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Grated cheese – Use Parmigiana, Loccatelli, Romano or whatever you like but don’t think you can put it on everything because it can conflict with and overpower delicate flavors. If you really want cheese, eat a piece of cheese.

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Oil – when a recipe calls for oil, it’s always regular olive oil unless otherwise specified. Only use extra virgin when it’s not going to be cooked because it burns and looses its fresh taste at a very low temperature.images4SG1W92H


Parsley – always flat leaf/Italian. Even French cooks use it because curly/French parsley has no taste.

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Pasta –  First, use more water than you’d think you’d need, about four quarts for one pound. Add a lot of salt, at least 2 tablespoons (it can only absorb so much). Pick a pasta shape that compliments the sauce. Cook it until it’s done the way you like it and don’t worry about the Al Dente Police raiding your kitchen.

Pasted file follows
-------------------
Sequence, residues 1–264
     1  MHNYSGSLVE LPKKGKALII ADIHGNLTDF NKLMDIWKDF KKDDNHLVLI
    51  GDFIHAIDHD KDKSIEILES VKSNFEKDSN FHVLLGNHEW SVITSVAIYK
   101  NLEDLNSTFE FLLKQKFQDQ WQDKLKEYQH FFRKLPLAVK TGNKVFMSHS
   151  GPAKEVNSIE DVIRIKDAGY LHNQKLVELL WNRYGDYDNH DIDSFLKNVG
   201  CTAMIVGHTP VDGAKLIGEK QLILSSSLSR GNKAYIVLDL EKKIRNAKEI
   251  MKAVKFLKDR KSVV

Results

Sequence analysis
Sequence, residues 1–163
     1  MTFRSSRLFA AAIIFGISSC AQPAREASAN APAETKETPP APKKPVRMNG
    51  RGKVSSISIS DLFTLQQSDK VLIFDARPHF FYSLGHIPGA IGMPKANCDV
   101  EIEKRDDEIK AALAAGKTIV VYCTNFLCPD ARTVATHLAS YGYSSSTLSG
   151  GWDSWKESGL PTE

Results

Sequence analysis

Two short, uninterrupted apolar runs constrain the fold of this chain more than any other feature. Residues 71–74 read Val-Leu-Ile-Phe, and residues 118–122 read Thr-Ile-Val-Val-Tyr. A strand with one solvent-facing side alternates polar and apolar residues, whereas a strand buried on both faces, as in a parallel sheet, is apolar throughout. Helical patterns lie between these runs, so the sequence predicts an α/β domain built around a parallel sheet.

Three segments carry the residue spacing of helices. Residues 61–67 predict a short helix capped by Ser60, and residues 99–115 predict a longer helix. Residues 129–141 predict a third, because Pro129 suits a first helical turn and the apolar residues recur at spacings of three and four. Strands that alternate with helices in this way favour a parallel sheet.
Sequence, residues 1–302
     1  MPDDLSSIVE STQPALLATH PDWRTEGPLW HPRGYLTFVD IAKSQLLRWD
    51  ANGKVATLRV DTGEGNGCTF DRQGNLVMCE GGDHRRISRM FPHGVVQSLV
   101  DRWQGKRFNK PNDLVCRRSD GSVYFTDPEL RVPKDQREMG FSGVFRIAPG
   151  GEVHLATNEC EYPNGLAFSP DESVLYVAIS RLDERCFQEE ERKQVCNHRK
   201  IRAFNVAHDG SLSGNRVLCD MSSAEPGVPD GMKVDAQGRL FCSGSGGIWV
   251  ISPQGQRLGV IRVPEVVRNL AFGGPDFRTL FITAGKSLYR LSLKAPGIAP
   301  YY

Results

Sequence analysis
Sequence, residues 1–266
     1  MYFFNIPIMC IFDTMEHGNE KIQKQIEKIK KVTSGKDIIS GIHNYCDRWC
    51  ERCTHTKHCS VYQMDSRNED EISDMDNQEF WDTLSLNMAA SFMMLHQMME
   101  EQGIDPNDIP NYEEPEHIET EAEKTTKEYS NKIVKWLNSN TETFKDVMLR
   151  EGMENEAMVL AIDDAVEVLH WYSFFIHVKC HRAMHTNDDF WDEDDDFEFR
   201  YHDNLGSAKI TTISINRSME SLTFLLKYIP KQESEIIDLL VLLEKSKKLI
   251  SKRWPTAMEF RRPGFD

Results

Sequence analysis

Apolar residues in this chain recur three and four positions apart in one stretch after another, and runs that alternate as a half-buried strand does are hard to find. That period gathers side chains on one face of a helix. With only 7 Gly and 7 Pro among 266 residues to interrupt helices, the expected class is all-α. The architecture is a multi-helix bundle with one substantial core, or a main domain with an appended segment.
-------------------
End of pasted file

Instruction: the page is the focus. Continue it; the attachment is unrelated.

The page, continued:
pasta


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Essentials of Sicilian Cooking

Essentials of Sicilian Cooking

Not too long ago my wife Bridget and I, my sister Nicki and our neighbor Susan signed up to take a recreational cooking class at the Institute of Culinary Education.  The course we chose was Essentials of Sicilian Cooking. It was taught by by Giovanna Bellia La Marca, a professional chef and author of the cookbook Sicilian Feasts.

Giovanna making Cassata
Giovanna  showing us how to make the cassata

The first part of the 4 hour class began with Giovanna giving a talk on Sicily and its cuisine. There were 12 of us in the class. We broke up into small teams and divided the menu between us. ice menu

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Almost ready to serve